The prevalence of dodgy double glazing salesmen stalking the streets of the UK has diminished hugely over the years. To such an extent that it is now comparatively rare to come across an installer who genuinely wants to rip you off.
Still, where there’s a will to profit at the expense of others, there’s a way to make it happen. But if you’re wise to certain tactics, protecting yourselves from unethical sales pitches is pretty easy.
So, whether you’re planning on replacing a single window or considering an upgrade for your entire home, be on the lookout for the following during the initial consultation:
1. Price conditioning
One of the most prolific sales techniques used by questionable companies over the years, is price conditioning. This occurs when sellers establish an expected target price in the minds of their customers. It then typically tends to be nothing like the genuine price of the project.
Always be wary when a salesperson in any context asks what kind of price you would like to pay. By extracting this information, they’ll then be in a position to make you believe the the job can be done within this price constraint. When in reality, there’s every chance they’ll vastly exceed this amount, having at no point formally agreed to stick to it.
2. ‘One day only’ deals
Anyone who tries to close a double glazing sale with a special deal or discount available ‘for one day only’ is rarely a trustworthy glazier. Under no circumstances would a credible glazing company offer clients a ‘huge and exclusive’ discount with only the rest of the day to make their decision.
Rushing buyers into making important decisions like these is irresponsible. In addition, every deal you’re told is a ‘one day only’ deal is simply the standard going rate of the glazer. They’re just telling you it’s time limited to put you under pressure, indicating that they are a seller you should not be doing business with.
3. Prices excluding key costs
One of the easiest ways of misleading buyers in any line of business is to make them think they’re getting a better deal than they actually are. As far as low-grade glazing companies go, this usually means providing incomplete quotations that don’t paint an accurate picture of what’s actually on the table.
For example, they could offer you an unbeatable quote of £X per window – 100% guaranteed not to increase. Though in doing so, fail to mention that the final price you pay will also include installation hardware, labour, equipment hire costs, insurance levies, perhaps even arrangement fees and so on.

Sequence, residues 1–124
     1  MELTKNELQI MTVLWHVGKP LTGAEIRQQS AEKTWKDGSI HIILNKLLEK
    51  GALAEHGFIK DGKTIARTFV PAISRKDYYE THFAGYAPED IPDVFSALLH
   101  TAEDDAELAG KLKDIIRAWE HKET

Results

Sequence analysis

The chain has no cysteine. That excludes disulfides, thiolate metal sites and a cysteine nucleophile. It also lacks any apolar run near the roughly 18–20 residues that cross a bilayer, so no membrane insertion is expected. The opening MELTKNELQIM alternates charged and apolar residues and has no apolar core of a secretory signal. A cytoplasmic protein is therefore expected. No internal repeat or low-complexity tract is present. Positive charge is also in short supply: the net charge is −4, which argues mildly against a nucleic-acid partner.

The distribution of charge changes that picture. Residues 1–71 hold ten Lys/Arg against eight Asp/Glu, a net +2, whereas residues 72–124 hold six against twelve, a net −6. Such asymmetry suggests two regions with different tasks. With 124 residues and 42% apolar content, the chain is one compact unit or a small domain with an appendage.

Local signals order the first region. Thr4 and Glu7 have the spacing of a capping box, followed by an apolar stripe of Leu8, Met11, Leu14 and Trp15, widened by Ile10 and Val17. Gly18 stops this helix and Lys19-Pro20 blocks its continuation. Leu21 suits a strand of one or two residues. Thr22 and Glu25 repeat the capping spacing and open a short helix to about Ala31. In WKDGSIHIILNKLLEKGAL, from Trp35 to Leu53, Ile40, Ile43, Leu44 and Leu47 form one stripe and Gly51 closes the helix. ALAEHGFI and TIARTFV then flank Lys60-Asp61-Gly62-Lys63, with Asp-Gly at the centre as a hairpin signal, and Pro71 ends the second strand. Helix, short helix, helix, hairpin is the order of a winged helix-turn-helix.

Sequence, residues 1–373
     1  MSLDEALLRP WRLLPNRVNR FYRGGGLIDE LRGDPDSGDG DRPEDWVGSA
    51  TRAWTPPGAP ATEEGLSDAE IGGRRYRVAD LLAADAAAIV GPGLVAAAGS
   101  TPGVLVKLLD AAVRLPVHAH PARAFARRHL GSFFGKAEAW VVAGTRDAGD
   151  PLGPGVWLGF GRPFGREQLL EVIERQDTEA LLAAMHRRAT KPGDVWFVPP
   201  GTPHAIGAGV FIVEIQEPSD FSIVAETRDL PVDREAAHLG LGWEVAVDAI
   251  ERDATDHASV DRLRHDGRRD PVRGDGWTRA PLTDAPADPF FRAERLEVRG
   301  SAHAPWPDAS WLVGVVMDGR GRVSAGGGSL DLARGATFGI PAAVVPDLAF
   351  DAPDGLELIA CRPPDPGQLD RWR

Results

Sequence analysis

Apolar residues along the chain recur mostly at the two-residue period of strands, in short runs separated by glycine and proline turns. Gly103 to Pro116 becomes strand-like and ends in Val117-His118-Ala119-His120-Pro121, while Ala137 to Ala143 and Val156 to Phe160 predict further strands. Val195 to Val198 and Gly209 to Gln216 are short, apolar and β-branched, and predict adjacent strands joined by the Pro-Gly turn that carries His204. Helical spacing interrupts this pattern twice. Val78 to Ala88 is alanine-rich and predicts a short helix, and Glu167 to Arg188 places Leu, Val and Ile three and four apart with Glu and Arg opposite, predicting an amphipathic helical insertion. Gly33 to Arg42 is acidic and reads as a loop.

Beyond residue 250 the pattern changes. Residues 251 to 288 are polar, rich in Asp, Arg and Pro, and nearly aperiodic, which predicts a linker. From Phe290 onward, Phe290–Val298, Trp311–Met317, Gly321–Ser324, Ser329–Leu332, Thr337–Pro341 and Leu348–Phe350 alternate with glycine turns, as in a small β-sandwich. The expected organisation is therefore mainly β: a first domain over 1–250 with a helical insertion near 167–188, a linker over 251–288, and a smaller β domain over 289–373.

4. Advising against discounted products
This is a clever yet completely underhanded trick that can be surprisingly effective. You’re attracted by the offer of 60% off the windows and doors you’re interested in, to such an extent that you arrange a formal consultation with the seller. At which point, they vigorously recommend against the discounted windows and doors (usually telling you they’re no good), or inform you that they’re no longer available.
All of which is followed by a high-pressure presentation of a much more expensive set of windows and doors for your home, that you’ll feel obliged to consider.
If they don’t have what you wanted or (bizarrely) recommend against their advertised products, you might want to take your business elsewhere.
5. Quoting prices ‘starting from’
Most businesses indicate the lowest possible prices of their products by stating ‘prices starting from’. But when the time comes to start discussing the windows and doors you need, all mentions of ‘prices from’ should be eliminated from the equation. Under no circumstances should you be made to believe this is the price you’ll pay, unless it’s actually the case.
With windows, the lowest advertised prices from any given glazer will apply to a product with a very specific shape, size, specification and configuration. Any alterations to these parameters will result in new (and often considerably higher) prices. When discussing the windows and doors you need, request a clear, comprehensive and binding quotation of the price you can expect to pay.
For more information about our ethical glazing standards, book your obligation-free consultation with A&C Glazing today.